We first discovered Miriam Shor when we binge watched several seasons of TV Land’s ‘Younger’. Haven’t heard of it? You just found your new favorite show. Created by Darren Star of Sex and the City fame, the show follows 40-something divorcee Liza Miller as she re-enters the workforce. But there’s a catch. In order to get the job, she lies about her age. Miriam Shor plays Liza’s boss, the scene-stealing, smart, and unstoppable Diana Trout. We talked to Miriam Shor about everything from her first time directing an episode this season to what she can’t stop reading.
Did you always know you wanted to be an actress? How did you decide to go for it?
I’m going to say luck. I was so extraordinarily lucky. I don’t want to take away from my talent but there are so many great actors who aren’t doing this.
You play Diana Trout, a mercurial woman who runs marketing at a high-end publishing house. How do you think she relates to the cultural conversation about women, work, and being “too emotional”?
I think she is a very hard worker and very good at what she does, and came into her workplace at a time when there wasn’t the same conversation happening now. She had to operate in a set of rules that were dictated by the men in her industry and society. She benefited from the first wave of feminism and really thought those were the rules. But there’s a new set of rules now. She’s at an interesting time of her life. She’s a little bit older, and the experience and wisdom that comes with age isn’t given much value. She’s fighting against that. She was fighting against misogyny and now she’s battling ageism, so she can’t win! Diana doesn’t back down from a fight. She really illustrates what a lot of women are facing right now. She keeps her cards close to her chest. She’s never one to show her emotions and she never holds back what she thinks.
The plot of Younger (at least when it started) revolved around Sutton Foster lying about her age to get a job. This is such a conversation we have about ‘let’s own it’. Have you ever lied about your age?
No! I haven’t. I have seen a job slip away when I say my actual age. That’s definitely happened. I was right for the job, and then I told my age and I wasn’t right. I play pretend for a job, so as long as I can portray that it shouldn’t matter. I was recently asked to play the love interest of a man in his 70s. I asked if it was part of the story and they said no. So I passed, because I’m not interested in telling that story.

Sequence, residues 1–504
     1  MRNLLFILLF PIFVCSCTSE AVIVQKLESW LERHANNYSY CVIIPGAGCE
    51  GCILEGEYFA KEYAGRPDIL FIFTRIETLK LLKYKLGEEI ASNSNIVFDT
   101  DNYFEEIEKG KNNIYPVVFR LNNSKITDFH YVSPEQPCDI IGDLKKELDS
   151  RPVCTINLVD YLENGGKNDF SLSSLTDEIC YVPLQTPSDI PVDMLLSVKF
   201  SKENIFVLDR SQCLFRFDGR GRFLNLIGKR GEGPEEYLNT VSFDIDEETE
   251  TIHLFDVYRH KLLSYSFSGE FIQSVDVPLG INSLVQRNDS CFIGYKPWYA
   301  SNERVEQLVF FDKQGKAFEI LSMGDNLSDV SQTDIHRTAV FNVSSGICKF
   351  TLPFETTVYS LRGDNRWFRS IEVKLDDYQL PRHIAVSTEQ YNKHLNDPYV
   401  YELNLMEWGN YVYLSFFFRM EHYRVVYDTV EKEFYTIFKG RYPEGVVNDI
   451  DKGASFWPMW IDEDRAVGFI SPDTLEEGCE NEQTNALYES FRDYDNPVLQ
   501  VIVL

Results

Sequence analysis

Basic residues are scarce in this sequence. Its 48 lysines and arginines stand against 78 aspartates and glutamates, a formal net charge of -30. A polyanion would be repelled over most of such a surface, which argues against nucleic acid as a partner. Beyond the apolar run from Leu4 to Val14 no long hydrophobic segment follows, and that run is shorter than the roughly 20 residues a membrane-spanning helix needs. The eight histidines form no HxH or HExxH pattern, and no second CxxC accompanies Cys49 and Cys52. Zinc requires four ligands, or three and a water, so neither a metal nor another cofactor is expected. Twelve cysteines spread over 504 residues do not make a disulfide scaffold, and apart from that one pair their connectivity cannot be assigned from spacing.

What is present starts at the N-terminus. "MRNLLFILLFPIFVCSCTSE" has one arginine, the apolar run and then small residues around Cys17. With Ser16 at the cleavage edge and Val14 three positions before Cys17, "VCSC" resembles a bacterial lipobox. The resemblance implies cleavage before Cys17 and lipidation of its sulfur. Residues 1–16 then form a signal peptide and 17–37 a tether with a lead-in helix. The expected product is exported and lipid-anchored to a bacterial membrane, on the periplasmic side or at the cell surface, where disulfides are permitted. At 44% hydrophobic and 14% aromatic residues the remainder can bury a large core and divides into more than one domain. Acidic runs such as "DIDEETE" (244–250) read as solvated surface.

You made your directorial debut on season five of Younger. Congratulations! Why did you decide to go behind-the-camera?
Playing someone who was so unapologetic about asking for what she wants and sure of herself, that kind of seeped in that I can be powerful and a boss. There’s this cultural conversation happening right now about a woman asking for a place at the table, asking for certain experiences. That all converged. I had a lot of friends who are actors that move into writing or directing, and there are more of them who are men. What is that saying and what did that say about me? It all pushed me to ask to get behind the camera. It’s interesting that it took pushing to just ask. The worst they can say is no, and I’ve been told no so many times in my life. It’s not out of the realm of the ordinary to have an actor who’s been on a show for a long time direct. Looking around, I had to ask myself why. I’m very grateful that I was able to and that Darren Star said yes so quickly.
Culturally, aging is viewed as this sad thing. In reality, I don’t know about you, but I certainly don’t feel bad or sad. I feel better than ever. What’s the key to changing the conversation about aging?
Who gets to tell the story? Who’s perspective are we seeing it from? If it’s told from the perspective of someone who doesn’t value women or older women, then we’re never going to see the value of it. We need people to tell stories with different perspectives, which we’re starting to see now. Certainly on television, there’s more platforms. When you’re a woman or you’re a mother or you’re older, there’s a sense that we should just go away. We’ve been told no one is interested, but that’s just not true.
What’s the best thing you’ve read lately?
My Brilliant Friend by Elena Ferrante. Those books are incredible. Always reading a couple of different books. My whole family spends a lot of time in the bookstore.
The Overstory by Richard Spencer. Normal People by Sally Rooney. St. Mark’s Dead, nonfiction.
Who would play you in the movie of your life?
Lily Tomlin would have to play me.
What’s the last thing you bought online?
I’m going to be in the Pride parade for world pride, so I bought rainbow stuff. I think we need to be a little more conscious about the Amazon thing, I want to be more supportive of the small stores in my neighborhood.
What would you put on your menopause registry?
If you could have one superpower what would it be?
To fly. There’s something about it. The extreme of it.
If you had a warning label what would it say?
Warning: will express her opinion. I’m still kind about it, though. That’s the difference between me and Diana. That’s the fun of acting.